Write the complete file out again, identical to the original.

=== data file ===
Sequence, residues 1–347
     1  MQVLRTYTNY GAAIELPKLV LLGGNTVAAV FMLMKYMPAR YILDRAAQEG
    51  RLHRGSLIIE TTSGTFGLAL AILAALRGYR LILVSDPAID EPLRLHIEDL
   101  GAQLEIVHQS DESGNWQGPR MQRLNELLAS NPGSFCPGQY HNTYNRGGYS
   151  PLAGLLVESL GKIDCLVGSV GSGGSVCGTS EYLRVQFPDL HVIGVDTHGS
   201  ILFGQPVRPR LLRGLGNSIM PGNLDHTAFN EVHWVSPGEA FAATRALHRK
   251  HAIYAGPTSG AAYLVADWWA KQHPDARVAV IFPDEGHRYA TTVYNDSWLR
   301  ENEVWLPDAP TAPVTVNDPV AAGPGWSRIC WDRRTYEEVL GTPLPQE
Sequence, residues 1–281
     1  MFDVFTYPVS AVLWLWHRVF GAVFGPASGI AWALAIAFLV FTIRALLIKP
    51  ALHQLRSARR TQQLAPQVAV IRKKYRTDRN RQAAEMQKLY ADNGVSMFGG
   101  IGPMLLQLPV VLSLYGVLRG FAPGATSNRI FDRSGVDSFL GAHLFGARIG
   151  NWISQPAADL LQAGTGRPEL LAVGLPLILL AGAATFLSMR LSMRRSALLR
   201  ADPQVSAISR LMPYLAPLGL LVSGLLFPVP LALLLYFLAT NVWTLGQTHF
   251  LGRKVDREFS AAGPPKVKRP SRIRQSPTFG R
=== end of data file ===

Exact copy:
Sequence, residues 1–347
     1  MQVLRTYTNY GAAIELPKLV LLGGNTVAAV FMLMKYMPAR YILDRAAQEG
    51  RLHRGSLIIE TTSGTFGLAL AILAALRGYR LILVSDPAID EPLRLHIEDL
   101  GAQLEIVHQS DESGNWQGPR MQRLNELLAS NPGSFCPGQY HNTYNRGGYS
   151  PLAGLLVESL GKIDCLVGSV GSGGSVCGTS EYLRVQFPDL HVIGVDTHGS
   201  ILFGQPVRPR LLRGLGNSIM PGNLDHTAFN EVHWVSPGEA FAATRALHRK
   251  HAIYAGPTSG AAYLVADWWA KQHPDARVAV IFPDEGHRYA TTVYNDSWLR
   301  ENEVWLPDAP TAPVTVNDPV AAGPGWSRIC WDRRTYEEVL GTPLPQE
Sequence, residues 1–281
     1  MFDVFTYPVS AVLWLWHRVF GAVFGPASGI AWALAIAFLV FTIRALLIKP
    51  ALHQLRSARR TQQLAPQVAV IRKKYRTDRN RQAAEMQKLY ADNGVSMFGG
   101  IGPMLLQLPV VLSLYGVLRG FAPGATSNRI FDRSGVDSFL GAHLFGARIG
   151  NWISQPAADL LQAGTGRPEL LAVGLPLILL AGAATFLSMR LSMRRSALLR
   201  ADPQVSAISR LMPYLAPLGL LVSGLLFPVP LALLLYFLAT NVWTLGQTHF
   251  LGRKVDREFS AAGPPKVKRP SRIRQSPTFG R